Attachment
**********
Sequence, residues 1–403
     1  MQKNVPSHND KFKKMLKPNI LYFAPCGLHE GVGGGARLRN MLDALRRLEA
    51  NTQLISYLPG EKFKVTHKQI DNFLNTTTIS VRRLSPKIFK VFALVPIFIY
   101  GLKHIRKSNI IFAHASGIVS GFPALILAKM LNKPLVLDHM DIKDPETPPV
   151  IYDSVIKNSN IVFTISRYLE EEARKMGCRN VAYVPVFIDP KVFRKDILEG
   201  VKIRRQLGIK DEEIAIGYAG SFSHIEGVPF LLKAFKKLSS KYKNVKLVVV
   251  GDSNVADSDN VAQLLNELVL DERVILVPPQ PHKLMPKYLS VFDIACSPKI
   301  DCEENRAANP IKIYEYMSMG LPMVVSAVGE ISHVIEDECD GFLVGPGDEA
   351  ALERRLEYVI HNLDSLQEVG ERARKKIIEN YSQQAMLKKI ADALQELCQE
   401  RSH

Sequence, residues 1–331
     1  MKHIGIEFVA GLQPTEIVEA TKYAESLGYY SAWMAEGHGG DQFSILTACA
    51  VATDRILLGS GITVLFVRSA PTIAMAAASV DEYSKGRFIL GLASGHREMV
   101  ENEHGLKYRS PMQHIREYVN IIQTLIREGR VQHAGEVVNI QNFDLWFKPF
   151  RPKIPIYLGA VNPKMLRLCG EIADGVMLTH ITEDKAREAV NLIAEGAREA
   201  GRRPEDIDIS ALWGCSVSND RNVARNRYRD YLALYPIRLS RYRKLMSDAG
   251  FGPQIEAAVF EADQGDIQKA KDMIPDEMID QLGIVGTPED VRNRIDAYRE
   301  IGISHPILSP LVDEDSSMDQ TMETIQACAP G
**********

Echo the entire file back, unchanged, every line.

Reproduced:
Sequence, residues 1–403
     1  MQKNVPSHND KFKKMLKPNI LYFAPCGLHE GVGGGARLRN MLDALRRLEA
    51  NTQLISYLPG EKFKVTHKQI DNFLNTTTIS VRRLSPKIFK VFALVPIFIY
   101  GLKHIRKSNI IFAHASGIVS GFPALILAKM LNKPLVLDHM DIKDPETPPV
   151  IYDSVIKNSN IVFTISRYLE EEARKMGCRN VAYVPVFIDP KVFRKDILEG
   201  VKIRRQLGIK DEEIAIGYAG SFSHIEGVPF LLKAFKKLSS KYKNVKLVVV
   251  GDSNVADSDN VAQLLNELVL DERVILVPPQ PHKLMPKYLS VFDIACSPKI
   301  DCEENRAANP IKIYEYMSMG LPMVVSAVGE ISHVIEDECD GFLVGPGDEA
   351  ALERRLEYVI HNLDSLQEVG ERARKKIIEN YSQQAMLKKI ADALQELCQE
   401  RSH

Sequence, residues 1–331
     1  MKHIGIEFVA GLQPTEIVEA TKYAESLGYY SAWMAEGHGG DQFSILTACA
    51  VATDRILLGS GITVLFVRSA PTIAMAAASV DEYSKGRFIL GLASGHREMV
   101  ENEHGLKYRS PMQHIREYVN IIQTLIREGR VQHAGEVVNI QNFDLWFKPF
   151  RPKIPIYLGA VNPKMLRLCG EIADGVMLTH ITEDKAREAV NLIAEGAREA
   201  GRRPEDIDIS ALWGCSVSND RNVARNRYRD YLALYPIRLS RYRKLMSDAG
   251  FGPQIEAAVF EADQGDIQKA KDMIPDEMID QLGIVGTPED VRNRIDAYRE
   301  IGISHPILSP LVDEDSSMDQ TMETIQACAP G